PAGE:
It is the contention of the respondent Friedman that there can be no violation of the act or the implementing regulations in the absence of intent, and inasmuch as it is uncontroverted that the omission of the odometer reading was inadvertent, the finding and order of the Division must be reversed. The Division takes the position that the language of the act, as well as the policy underlying it, make manifest a legislative purpose to prohibit the proscribed conduct and impose liability without regard to intent.

Manifestly, the design of the Consumer Fraud Act is to protect the consumer against imposition and loss as a result of fraud and fraudulent practices by persons engaged in the sale of goods and services. Kugler v. Romain , 58 N.J. 522 (1971). The pertinent portion of the controlling section of that act is found in N.J.S.A. 56:8-2, and provides:

The act, use or employment by any person of any unconscionable commercial practice, deception, fraud, false pretense, false promise, misrepresentation, or the knowing, concealment, suppression, or omission of any material fact with intent that others rely upon such concealment, suppression or omission, in connection with the sale or advertisement of any merchandise or with the subsequent performance of such person as aforesaid, whether or not any preson has in fact been misled, deceived or damaged thereby, is declared to be an unlawful practice; * * *

In the context of this language it is plain that, however the fraud or fraudulent conduct may be designated or characterized, if it consists of or rests upon "concealment, suppression, or omission of any material fact", the nondisclosure must be "knowing * * * [and] with intent that others rely" thereon. Ibid. As a consequence, the nondisclosure of a material fact unknowingly and by reason of inadvertence does not constitute an unlawful practice under the Act.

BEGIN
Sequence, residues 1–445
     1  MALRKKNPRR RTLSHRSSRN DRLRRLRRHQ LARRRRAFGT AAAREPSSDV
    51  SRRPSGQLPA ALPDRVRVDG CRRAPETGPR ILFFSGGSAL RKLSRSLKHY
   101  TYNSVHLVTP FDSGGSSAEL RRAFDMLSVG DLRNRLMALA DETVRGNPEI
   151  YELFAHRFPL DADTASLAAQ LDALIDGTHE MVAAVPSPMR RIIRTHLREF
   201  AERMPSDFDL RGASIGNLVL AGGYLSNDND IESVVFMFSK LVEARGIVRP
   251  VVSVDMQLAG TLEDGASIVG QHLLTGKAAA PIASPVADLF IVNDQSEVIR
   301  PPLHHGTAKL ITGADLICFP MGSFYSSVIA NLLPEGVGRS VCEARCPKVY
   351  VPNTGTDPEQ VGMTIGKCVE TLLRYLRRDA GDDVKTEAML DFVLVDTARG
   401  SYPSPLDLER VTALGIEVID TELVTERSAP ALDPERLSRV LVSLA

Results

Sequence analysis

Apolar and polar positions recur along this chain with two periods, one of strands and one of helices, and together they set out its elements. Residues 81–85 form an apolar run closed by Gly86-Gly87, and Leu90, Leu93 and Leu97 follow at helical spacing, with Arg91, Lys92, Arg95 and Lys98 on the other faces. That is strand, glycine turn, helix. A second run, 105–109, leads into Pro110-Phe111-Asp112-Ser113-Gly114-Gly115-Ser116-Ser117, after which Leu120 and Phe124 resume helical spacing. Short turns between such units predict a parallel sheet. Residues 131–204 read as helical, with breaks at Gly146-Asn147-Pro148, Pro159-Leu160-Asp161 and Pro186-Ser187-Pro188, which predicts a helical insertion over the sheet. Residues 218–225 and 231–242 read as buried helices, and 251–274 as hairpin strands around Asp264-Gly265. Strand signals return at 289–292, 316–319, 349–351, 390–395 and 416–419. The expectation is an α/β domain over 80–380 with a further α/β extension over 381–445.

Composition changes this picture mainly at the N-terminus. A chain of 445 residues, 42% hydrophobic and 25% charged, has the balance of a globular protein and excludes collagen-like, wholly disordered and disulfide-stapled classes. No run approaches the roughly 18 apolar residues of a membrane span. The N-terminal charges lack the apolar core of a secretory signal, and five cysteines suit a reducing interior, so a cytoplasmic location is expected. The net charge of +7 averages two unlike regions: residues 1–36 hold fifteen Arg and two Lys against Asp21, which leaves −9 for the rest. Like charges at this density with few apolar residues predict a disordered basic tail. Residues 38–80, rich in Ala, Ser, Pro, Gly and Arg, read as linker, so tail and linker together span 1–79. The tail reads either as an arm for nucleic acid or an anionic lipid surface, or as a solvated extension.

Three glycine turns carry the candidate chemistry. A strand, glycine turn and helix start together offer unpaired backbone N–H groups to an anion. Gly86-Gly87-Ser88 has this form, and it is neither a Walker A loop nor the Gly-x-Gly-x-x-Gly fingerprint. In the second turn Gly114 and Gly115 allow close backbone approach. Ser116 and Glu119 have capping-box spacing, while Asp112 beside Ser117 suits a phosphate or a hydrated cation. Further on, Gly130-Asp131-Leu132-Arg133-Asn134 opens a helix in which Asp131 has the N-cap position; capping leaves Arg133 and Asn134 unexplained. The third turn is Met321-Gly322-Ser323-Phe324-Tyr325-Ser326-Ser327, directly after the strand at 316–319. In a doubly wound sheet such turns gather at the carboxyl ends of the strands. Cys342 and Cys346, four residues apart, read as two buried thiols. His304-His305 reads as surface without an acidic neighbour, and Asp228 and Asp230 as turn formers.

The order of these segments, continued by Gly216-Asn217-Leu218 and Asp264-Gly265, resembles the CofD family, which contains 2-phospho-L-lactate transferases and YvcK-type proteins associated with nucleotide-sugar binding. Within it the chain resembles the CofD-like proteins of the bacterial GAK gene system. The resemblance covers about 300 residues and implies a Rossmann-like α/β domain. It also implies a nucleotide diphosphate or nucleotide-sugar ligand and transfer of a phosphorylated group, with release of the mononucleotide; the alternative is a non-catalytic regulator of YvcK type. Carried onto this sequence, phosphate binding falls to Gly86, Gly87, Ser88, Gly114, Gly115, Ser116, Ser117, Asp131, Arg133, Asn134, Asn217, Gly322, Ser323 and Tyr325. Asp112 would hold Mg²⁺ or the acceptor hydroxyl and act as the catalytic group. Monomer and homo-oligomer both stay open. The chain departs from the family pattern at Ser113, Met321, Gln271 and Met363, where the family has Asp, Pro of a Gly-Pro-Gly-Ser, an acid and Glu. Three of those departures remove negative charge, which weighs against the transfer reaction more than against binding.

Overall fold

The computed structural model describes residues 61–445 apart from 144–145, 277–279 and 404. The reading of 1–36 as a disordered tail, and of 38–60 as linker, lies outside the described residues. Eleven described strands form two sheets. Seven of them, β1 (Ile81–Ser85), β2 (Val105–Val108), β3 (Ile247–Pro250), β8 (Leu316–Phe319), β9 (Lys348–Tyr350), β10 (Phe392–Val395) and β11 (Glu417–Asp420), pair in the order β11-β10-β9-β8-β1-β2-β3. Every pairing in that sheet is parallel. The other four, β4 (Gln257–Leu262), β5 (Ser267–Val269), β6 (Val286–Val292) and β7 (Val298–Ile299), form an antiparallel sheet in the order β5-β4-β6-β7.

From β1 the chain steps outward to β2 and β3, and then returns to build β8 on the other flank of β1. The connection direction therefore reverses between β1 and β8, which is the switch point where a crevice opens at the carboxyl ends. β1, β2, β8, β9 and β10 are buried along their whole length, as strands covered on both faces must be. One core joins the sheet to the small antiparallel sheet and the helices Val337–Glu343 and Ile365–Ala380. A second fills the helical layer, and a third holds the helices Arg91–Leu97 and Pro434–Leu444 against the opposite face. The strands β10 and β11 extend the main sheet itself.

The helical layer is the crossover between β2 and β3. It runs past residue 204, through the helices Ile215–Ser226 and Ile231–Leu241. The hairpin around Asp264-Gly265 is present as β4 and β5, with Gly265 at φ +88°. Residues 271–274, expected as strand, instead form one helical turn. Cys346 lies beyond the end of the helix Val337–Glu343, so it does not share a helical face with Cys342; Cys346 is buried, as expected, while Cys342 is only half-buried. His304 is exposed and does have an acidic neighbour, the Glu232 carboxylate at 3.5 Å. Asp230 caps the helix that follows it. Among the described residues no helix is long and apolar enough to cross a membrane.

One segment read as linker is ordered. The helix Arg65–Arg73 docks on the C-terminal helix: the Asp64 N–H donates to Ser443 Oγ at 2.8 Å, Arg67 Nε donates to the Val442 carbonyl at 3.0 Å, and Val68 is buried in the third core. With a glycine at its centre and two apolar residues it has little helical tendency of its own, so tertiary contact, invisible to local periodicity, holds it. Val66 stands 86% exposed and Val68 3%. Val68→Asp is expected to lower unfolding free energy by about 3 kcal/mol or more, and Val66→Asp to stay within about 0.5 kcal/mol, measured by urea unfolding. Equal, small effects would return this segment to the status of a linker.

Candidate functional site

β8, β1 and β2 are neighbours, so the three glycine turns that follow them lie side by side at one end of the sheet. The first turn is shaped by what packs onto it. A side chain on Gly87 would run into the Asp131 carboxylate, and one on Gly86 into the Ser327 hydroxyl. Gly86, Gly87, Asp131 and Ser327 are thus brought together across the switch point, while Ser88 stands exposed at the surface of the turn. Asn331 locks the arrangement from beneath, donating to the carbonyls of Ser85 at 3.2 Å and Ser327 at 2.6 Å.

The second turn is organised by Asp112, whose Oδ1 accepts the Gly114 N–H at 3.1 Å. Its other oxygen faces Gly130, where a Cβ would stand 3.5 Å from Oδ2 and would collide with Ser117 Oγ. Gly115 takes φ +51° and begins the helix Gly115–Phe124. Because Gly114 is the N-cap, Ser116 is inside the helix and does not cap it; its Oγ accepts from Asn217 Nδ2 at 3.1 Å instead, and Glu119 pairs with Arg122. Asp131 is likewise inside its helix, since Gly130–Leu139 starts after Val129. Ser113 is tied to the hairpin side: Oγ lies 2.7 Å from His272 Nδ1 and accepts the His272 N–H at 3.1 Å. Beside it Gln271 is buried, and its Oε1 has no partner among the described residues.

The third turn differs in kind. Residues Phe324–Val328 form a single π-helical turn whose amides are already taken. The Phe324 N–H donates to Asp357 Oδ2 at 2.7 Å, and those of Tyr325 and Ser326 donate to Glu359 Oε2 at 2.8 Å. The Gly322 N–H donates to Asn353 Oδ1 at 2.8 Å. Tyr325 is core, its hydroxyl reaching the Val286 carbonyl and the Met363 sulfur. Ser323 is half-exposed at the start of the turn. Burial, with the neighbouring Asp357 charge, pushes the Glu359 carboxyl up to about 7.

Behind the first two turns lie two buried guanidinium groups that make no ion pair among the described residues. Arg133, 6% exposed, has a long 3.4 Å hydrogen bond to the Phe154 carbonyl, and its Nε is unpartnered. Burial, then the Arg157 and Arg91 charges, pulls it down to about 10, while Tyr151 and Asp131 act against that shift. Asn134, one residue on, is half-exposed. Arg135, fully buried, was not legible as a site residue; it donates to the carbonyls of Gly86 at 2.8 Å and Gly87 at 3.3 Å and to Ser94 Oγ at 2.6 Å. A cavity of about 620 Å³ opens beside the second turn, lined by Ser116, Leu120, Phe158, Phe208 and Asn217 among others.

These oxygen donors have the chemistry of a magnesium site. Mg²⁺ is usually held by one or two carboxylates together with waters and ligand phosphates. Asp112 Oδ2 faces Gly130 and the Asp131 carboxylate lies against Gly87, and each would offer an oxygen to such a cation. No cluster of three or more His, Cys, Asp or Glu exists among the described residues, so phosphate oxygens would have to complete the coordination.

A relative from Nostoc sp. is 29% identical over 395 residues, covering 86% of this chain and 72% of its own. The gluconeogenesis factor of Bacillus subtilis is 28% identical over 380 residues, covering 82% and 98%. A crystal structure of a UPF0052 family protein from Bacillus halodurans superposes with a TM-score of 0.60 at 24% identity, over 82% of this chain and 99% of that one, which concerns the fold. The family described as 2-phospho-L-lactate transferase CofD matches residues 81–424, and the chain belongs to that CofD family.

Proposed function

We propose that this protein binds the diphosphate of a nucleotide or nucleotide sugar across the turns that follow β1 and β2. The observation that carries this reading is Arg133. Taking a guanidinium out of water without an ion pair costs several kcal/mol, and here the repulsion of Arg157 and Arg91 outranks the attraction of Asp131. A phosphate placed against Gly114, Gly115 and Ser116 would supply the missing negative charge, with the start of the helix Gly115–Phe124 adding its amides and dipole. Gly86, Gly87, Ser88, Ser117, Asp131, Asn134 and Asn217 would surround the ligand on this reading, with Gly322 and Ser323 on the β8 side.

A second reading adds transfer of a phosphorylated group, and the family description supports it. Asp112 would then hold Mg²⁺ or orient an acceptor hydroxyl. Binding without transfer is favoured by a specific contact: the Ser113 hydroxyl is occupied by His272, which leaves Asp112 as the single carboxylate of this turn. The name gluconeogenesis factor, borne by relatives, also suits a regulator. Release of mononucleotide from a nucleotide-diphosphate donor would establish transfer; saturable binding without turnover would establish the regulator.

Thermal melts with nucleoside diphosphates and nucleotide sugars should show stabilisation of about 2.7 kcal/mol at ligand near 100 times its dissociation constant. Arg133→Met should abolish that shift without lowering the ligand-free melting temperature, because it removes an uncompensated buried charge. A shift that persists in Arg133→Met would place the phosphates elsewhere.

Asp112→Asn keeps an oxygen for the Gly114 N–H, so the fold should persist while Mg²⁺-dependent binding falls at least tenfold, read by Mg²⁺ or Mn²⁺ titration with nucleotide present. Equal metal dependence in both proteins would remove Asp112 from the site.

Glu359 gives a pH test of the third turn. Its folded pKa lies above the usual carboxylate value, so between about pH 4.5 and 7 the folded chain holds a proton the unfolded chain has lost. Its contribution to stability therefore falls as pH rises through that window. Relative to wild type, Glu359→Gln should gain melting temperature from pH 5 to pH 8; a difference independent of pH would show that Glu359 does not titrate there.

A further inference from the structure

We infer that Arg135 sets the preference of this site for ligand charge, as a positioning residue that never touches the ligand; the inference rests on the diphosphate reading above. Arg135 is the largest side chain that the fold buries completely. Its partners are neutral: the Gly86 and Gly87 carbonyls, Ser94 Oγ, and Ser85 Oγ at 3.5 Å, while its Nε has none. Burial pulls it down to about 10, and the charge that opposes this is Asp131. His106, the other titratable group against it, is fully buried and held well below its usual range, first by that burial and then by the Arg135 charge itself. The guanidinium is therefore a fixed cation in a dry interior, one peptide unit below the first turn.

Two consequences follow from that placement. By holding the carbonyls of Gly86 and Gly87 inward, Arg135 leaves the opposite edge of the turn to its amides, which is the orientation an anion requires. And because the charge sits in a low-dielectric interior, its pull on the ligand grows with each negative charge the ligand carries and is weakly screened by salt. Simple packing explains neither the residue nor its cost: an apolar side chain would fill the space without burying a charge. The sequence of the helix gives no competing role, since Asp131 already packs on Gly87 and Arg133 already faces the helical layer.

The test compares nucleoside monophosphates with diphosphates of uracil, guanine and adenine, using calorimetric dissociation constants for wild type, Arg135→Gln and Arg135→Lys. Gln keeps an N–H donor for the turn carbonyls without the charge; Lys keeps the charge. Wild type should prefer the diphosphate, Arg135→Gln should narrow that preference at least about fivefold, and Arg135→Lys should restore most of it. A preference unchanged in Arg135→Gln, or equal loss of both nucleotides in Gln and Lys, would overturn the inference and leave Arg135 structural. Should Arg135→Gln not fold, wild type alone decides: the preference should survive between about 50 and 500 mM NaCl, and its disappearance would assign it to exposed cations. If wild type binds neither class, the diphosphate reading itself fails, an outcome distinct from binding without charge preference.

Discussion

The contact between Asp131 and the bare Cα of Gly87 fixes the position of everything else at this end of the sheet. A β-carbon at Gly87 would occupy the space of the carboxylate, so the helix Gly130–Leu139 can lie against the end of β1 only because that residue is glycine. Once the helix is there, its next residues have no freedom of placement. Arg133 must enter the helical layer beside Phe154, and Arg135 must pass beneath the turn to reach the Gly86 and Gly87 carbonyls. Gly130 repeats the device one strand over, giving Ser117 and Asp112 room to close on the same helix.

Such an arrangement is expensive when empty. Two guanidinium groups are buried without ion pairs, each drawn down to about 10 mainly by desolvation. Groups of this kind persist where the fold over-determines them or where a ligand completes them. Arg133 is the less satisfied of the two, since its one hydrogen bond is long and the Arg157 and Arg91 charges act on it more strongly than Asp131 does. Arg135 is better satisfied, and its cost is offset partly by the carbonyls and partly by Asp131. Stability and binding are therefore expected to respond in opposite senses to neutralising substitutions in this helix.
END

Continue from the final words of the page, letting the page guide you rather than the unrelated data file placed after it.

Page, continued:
Notwithstanding this clear expression of legislative intent the dissent suggests that, by virtue of the authority delegated to the Attorney General to promulgate regulations, he may declare the unknowing and inadvertent nondisclosure of a material fact to constitute an "unconscionable commercial practice." The argument overlooks (and does not touch upon) the fact that such an interpretation would nullify absolutely and render completely meaningless the clause of the statute relating to fraud and fraudulent conduct arising out of the "knowing, concealment, suppression, or omission of any material fact." The phrase "unconscionable commercial practice" has no special properties. In consumer goods transactions "unconscionability must be equated with the concepts of deception, fraud, false pretense, misrepresentation, concealment and the like * * * stamped unlawful under N.J.S.A. 56:8-2." Kugler v. Romain, supra at 544.

The legislative history of the Consumer Fraud Act supplies further evidence of the intent of the Legislature. As originally introduced, the portion of the section with which we are here concerned provided (Senate Bill No. 199, ยง 2):

The act, use or employment of any deception, fraud, false pretense, misrepresentation, concealment, suppression, or omission of any material fact by any person in connection with the sale or advertisement of any merchandise, whether or not any person has in fact been misled, deceived or damaged thereby, is declared to be an unlawful practice; * * *.

Significantly, the concealment, suppression or omission of any material fact was constituted an unlawful practice ...